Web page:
Thursday, January 31, 2008

The Red Crayon

I found this short story that I wrote for Vaishali's English class several years ago. Yes -- I did all of Vaishali's English assignments in her senior year. If I complained, I would be guilt-tripped into doing it -- 'Bechari she works so hard, just do it for her.'

Anyway, this story was based on real events.

The Red Crayon

It was a hot and humid afternoon in the Valley. This was perhaps the fifth day in the row it had been this hot. The temperatures were higher than they had ever been in the last eight years; or so I heard my uncle and aunt say. I wouldn’t know, I was barely 8 years old myself. It was the summer before fourth grade. I was going to become an upper grader. It was a landmark year as an elementary school student. We would have a separate lunch period from the ‘lower graders,’ and we even had separate bathrooms from them!
It was also the summer that I went to go live in Los Angeles with my Uncle to learn Hindi. My Uncle was the eldest of my mother’s brothers, and therefore the patriarchal figure in our large extended family. He believed in strict discipline, was very patriotic about India, and teaching his children about the Indian culture. I would learn to read and write Hindi that summer.
I always had a lot of fun with my cousin, who I called ‘Bhaiya,’ meaning elder brother in Hindi. He was only one year older than me, but at that age, one year was monumental. Most of the summer is a big haze to me, as is most of my childhood, but there is one afternoon in particular that stands out in my mind.
It was on this hot and humid afternoon that my uncle and aunt asked Bhaiya and me if we wanted to go to the flea market with them. We looked over at each other, and silently agreed that we were much better off in the confines of a malfunctioning air-conditioned room versus the sweltering heat outside. As exciting the thought of snow-cones was, we decided to stay home. Besides, it was the first time I was going to stay at home without adults! My parents never allowed it. But Bhaiya was a whole year older; maybe that’s why.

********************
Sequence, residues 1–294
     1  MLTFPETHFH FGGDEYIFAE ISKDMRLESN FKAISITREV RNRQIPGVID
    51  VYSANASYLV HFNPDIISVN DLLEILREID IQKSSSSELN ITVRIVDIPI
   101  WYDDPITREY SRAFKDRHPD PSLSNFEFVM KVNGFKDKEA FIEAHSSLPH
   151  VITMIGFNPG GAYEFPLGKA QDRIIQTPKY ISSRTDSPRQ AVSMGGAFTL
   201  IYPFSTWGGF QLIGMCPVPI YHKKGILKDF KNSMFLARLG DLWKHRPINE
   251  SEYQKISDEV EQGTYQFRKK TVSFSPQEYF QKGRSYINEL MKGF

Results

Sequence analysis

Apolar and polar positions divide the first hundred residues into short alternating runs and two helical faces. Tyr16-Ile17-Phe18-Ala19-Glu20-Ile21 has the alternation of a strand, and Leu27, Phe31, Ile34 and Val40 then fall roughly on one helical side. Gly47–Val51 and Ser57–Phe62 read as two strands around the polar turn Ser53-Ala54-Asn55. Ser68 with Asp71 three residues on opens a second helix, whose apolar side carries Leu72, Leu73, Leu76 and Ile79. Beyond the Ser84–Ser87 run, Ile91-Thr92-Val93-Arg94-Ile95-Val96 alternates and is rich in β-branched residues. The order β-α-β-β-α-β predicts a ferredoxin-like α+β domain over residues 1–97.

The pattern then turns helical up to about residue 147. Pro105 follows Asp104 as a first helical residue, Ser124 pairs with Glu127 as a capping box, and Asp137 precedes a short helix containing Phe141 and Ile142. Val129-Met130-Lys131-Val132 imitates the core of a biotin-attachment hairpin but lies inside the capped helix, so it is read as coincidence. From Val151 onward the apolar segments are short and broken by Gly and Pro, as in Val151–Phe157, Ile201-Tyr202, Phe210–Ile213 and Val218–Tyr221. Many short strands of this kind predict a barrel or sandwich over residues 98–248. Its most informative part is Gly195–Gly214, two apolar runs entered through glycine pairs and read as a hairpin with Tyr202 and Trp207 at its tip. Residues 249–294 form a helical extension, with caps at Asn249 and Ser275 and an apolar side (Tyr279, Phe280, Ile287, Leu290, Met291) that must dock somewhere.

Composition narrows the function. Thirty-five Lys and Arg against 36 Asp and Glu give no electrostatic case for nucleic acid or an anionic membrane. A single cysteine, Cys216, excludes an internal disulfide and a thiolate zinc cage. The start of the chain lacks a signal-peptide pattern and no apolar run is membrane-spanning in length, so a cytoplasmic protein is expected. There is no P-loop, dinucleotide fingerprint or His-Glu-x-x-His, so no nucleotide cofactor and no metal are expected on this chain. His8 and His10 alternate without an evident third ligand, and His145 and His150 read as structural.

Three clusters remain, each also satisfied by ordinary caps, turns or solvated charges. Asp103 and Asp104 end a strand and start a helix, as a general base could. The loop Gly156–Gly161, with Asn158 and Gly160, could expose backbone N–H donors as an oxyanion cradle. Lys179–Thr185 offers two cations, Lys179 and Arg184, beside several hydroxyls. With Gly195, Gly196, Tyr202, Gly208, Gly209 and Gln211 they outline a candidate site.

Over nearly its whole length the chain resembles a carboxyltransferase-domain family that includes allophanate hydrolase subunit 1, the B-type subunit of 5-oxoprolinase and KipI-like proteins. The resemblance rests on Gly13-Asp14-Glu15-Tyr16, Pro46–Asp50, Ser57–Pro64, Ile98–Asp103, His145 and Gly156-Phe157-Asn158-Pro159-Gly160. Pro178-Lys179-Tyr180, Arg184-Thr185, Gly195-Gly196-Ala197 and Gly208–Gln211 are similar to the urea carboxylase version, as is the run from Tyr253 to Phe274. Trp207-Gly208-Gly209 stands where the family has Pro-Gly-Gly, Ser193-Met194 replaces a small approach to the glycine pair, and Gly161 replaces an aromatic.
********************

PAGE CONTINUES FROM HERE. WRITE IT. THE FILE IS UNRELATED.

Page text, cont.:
“So, what do you want to do?” I asked Bhaiya when the adults left. He shrugged his shoulders. He didn’t seem as excited about the idea of staying at home alone for the next few hours. “Do you want to color?” I asked, as I followed him into his room.
“Sure,” his eyes seem to light up a bit. We got out the pile of coloring books, and we each chose our favorites. Mine was Disney’s Snow White coloring book. His was Super Mario Brothers.
“Where are the crayons?” I asked.
Bhaiya looked a little wary. He hesitated for a minute, and then left the room. He returned a few moments later with a step ladder, and reached for the top shelf of his closet. Behind the stacks of old textbooks was a brand new box of 36 Crayola crayons. My eyes widened at the sight.
“When did you get those?”
“Last month, on my birthday,” he paused for a bit. “Be careful with them.”
I nodded, understanding the importance of a new box of crayons. I had always wanted the box of 36 colors. The most I ever had was 16.